What are the steps to outlining that documented strategy? The following is a list of my asks the moment I’m brought into an organization to help them develop a content strategy road map.

The first, and most critical part, is goals. What is content trying to achieve? What are the business reasons for creating and publishing content, and how are these goals aligned to broader company priorities?

This critical first step is determining the big “Why” of content. Without the why, there can be no strategy.

Part 2 may be secondary, but it’s of equal importance. It answers the question “How?” People, process, governance, tools, technologies, assets — all of these and more must be present and accounted for, aligned and communicated to numerous stakeholders. How is ongoing, but adheres to a broad procedural schema.

In order to determine Why and get to the How, these are my “Day One” requests when beginning a content strategy engagement.

List Of Tools & Technologies

What tools do you use to create content? To publish it? To store, archive, share and retrieve it? To optimize and measure it? What other tools do these tools have to play nice with?

This list might include Web or social analytics tools, SEO or SEM software, CRM solutions, marketing automation, even intranets and telephony software.

No tool or technology is an island anymore, so a holistic, 360-degree consideration of technology — what’s used today and what’s planned for deployment in the future — is essential.

Content Audit

A content audit is a painstaking, exacting exercise that many would be only too happy to skip. But you can’t.

If you don’t know where you are, you can’t chart the journey forward. A content audit is both a quantitative and, more importantly, a qualitative analysis of all the content for which your organization is responsible.

In order to conduct an audit, you’ll need a list of all your public-facing online properties, from websites to social media. When I conduct an audit I want to see your email marketing, your ad campaigns. I even (this surprises many of my clients) want to examine offline collateral, perhaps that big annual report or research study undertaken annually or semiannually.

It’s not enough to just have at the content itself. I’ll also request access to analytics software (Web, social, email, and so on). The purpose of an audit isn’t just to evaluate whether or not I like your content. I want to see if it’s being seen, found, used, shared and amplified — or not.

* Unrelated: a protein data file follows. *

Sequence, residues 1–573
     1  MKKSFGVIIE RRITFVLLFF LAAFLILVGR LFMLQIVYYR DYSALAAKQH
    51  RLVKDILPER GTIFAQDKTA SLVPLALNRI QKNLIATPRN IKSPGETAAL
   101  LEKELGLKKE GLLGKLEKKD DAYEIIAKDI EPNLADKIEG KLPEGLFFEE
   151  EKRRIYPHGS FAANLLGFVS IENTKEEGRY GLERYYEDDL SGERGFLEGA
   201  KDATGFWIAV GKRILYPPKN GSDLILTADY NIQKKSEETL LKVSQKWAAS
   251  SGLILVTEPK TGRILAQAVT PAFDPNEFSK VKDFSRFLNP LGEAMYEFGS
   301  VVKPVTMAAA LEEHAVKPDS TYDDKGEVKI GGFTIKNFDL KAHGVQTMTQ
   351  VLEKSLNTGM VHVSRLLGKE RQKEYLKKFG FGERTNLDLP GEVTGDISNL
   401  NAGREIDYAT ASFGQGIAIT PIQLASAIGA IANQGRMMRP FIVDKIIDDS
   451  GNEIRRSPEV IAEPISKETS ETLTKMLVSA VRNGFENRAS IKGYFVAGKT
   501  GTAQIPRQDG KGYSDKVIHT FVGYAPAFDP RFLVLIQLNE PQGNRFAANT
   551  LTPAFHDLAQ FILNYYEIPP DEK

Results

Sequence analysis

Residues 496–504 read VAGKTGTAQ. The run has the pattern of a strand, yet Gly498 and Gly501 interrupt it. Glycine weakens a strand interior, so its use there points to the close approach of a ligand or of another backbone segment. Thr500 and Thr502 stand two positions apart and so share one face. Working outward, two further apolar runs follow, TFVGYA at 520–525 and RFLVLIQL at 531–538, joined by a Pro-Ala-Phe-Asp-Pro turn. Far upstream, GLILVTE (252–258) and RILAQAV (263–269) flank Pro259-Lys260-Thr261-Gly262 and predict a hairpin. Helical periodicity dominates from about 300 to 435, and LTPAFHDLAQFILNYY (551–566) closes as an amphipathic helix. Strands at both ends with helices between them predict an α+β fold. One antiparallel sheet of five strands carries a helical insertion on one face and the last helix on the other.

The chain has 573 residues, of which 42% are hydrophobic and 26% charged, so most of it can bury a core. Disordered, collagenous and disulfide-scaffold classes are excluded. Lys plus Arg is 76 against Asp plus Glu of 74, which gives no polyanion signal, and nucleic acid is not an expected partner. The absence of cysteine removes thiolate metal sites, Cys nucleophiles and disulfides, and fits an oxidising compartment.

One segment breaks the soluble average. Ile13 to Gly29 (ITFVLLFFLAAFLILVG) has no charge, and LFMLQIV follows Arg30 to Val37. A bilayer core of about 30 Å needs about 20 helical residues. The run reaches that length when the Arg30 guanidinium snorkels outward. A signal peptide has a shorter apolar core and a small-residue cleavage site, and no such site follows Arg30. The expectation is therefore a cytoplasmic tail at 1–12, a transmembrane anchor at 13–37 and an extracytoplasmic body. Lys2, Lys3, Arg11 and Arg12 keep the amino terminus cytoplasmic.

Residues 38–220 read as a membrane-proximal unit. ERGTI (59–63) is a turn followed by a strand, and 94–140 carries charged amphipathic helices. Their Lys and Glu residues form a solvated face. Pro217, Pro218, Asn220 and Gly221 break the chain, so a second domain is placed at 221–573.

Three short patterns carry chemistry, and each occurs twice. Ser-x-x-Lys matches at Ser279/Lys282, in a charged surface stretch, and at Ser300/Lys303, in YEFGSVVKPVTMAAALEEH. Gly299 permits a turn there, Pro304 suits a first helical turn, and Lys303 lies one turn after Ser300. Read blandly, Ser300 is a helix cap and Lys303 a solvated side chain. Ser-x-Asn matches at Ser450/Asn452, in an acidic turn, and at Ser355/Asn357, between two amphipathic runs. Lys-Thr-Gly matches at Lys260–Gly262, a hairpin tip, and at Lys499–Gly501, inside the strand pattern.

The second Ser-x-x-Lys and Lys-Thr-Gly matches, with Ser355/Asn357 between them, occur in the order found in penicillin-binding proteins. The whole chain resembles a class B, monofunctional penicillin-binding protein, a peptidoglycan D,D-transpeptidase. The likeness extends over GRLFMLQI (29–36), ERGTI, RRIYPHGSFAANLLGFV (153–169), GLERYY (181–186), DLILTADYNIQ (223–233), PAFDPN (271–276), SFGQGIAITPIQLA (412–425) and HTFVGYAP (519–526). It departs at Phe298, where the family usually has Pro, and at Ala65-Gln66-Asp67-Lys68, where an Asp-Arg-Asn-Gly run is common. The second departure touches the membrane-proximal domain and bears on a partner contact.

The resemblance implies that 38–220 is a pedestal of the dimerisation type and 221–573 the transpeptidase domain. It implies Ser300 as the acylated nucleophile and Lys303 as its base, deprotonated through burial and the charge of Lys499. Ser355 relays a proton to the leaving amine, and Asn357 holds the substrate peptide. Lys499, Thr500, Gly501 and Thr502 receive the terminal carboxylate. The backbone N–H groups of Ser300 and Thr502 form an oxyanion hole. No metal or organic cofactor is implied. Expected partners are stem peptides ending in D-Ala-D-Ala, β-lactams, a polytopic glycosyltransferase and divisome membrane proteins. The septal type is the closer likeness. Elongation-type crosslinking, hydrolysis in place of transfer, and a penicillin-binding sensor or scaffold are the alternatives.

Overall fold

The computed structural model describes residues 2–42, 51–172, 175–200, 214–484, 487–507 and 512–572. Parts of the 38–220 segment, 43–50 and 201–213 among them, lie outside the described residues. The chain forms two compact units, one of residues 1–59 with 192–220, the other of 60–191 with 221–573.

A good audit (they vary by purpose and type of engagement) is a 50-point diagnostic. They’re very deep and reveal often-surprising insights, not just about the content itself, but also requirements for the processes and technologies to create and sustain the flow of content. The goal is to define gaps and problems, as well as to identify strengths, and develop specific recommendations for improvement.

Stakeholder Interviews

The stakeholder interview is the most interesting part of developing a content strategy.

I’ll ask for a list of 10 to 15 stakeholders for in-depth interviews on content needs. What are their goals? Their wants and needs? Their vision of process? It’s usually up to my client to identify the stakeholders I’ll interview, but I don’t want all of them to be senior executives. I also want to speak with the techies, the creatives and tacticians to get a pragmatic, from-the-trenches perspective.

I don’t want to interview groups larger than two to three people (otherwise some will clam up), and I don’t want a senior executive present at all my conversations (self-censorship can be an issue).

While stakeholder interviews aren’t a democratic process, really asking people what they want and need around content can be incredibly revealing, and unveil very interesting levels of consensus.

There are, of course, other asks dependent on the size, scope and purpose of a content engagement strategy. But for anyone approaching their organization as a client in need of a content strategy, these three starting points are mandatory.